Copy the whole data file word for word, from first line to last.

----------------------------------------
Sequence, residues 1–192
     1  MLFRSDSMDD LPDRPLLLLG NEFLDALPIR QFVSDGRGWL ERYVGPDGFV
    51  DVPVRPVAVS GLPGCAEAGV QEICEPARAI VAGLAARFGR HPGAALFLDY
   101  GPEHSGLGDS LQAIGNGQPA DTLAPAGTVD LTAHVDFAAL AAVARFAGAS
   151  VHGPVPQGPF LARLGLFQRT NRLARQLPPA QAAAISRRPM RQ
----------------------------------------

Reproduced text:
Sequence, residues 1–192
     1  MLFRSDSMDD LPDRPLLLLG NEFLDALPIR QFVSDGRGWL ERYVGPDGFV
    51  DVPVRPVAVS GLPGCAEAGV QEICEPARAI VAGLAARFGR HPGAALFLDY
   101  GPEHSGLGDS LQAIGNGQPA DTLAPAGTVD LTAHVDFAAL AAVARFAGAS
   151  VHGPVPQGPF LARLGLFQRT NRLARQLPPA QAAAISRRPM RQ